Try Trail Running

A natural alternative to pavement

Jake Hegge runs the Winchell Trail along the Mississippi River  in Minneapolis.
Jake Hegge runs the Winchell Trail along the Mississippi River in Minneapolis

photo by nate ryan


Like most of us who run, Jake Hegge used to do it on the road—it’s free and so convenient. But after getting multiple injuries from pounding the pavement, he started running on the Ice Age Trail, a 1,000-mile hiking path that winds through the state of Wisconsin. In time, his hamstring problems went away. Today, Hegge is a physical therapist in La Crosse, WI, who runs an online coaching service called Trail Transformation with his training partner Michael Borst to help other runners hit the dirt. Hegge and Borst are among the top ultramarathon runners in the Midwest and have traded off first- and second-place finishes at dozens of the region’s 50- and 100-mile races since they started competing in 2012. “On the road,” Hegge says, “if you have a faulty running pattern, it’s easy to keep loading that until the muscles get overstressed. But on the trail, with the uphills, the downhills, and all those turns, you’re working all those stabilizing muscles in your hips. The ground is softer, too, so you’re working different muscles in your lower extremities.” This is one reason trail running has grown: When the Superior Trail Race started on Minnesota’s North Shore in 1991, there were only 37 similar races in the country. By 2015, there were more than 1,000. “I get a lot of serious triathletes who are burned out on that scene and looking for a change,” Hegge says. “They see these trail runners who look like they’re having fun. It’s not just physically better for you. It clears your mind. You can get out there in nature and relax.” And you don’t have to run 100 miles for that.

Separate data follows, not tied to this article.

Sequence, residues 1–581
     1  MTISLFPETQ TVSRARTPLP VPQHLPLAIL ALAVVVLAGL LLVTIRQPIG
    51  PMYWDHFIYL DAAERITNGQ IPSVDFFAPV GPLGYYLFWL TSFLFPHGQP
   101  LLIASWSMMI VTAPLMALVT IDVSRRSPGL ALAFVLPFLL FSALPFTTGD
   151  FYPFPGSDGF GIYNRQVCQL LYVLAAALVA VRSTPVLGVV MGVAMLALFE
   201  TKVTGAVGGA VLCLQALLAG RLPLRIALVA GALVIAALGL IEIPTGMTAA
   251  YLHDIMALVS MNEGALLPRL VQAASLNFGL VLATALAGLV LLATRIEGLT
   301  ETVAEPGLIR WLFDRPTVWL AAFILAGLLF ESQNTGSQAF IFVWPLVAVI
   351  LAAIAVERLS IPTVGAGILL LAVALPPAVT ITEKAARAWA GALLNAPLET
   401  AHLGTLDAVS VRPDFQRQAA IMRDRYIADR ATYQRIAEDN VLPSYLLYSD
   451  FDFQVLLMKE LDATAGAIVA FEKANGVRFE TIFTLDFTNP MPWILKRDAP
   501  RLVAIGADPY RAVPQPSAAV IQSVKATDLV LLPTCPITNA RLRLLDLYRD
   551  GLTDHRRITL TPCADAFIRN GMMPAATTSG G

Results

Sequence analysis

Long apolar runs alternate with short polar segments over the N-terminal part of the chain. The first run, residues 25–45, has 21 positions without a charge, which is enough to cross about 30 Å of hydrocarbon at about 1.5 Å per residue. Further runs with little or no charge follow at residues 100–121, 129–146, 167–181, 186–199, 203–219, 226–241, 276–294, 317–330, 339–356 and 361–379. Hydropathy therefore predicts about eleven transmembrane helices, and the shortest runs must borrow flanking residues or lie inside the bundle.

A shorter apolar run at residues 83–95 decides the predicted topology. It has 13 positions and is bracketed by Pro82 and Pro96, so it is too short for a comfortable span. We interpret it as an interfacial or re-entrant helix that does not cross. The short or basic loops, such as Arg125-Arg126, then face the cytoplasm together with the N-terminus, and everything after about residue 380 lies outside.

Get Started:

 

Learn:

Pick an easy trail with few hills for starters. Do calf-raises and one-legged balancing to strengthen your ankles.

Groups:

Upper Midwest Trail Runners. Running stores often have trail-running groups. You can also volunteer at any trail race.

Events:

Shorter: Endless Summer Trail Run Series, St. Paul Urban Trail Series, Salomon City Trails Loppet (May), Afton Trail Run (July), Surley Trail Loppet (September), In Yan Teopa 10m (September), Harmon Farms 5/10m (September), Hixon 50 (October), Big Woods 10m (October); Longer: Zumbro 100/50 (April), Trail Mix (April), Superior Trail Races (May/Sept), Voyager 50m (July), Surf the Murph (Oct)

Places:

Lebanon Hills, Afton State Park, Winchell Trail, Hyland Park, Murphy-Hanrehan Park, Superior Hiking Trail, Frontenac State Park

Equipment:

Trail shoes with a sturdier build and a deeper tread, water bottle, belt or hydration pack (five miles on the trail takes longer than on a road).

Rules:

Stay on the trail. Be sure to share the trail with others. Pack it out: Don’t leave trash on the trail.

Risk:

Watch your ankles on rocks and roots, especially before you’ve built up lower leg strength.

Reward:

Lower injury rate, better strength overall than on pavement

Perks:

Overlooks, wildlife, waterfalls, open fields, “forest bathing” (as the Japanese call time spent in nature)

Difficulty: 

5–10k: 2 out of 5 stars, 25K–Marathon: 4 out of 5 stars, 50–100 miles: 5+ stars

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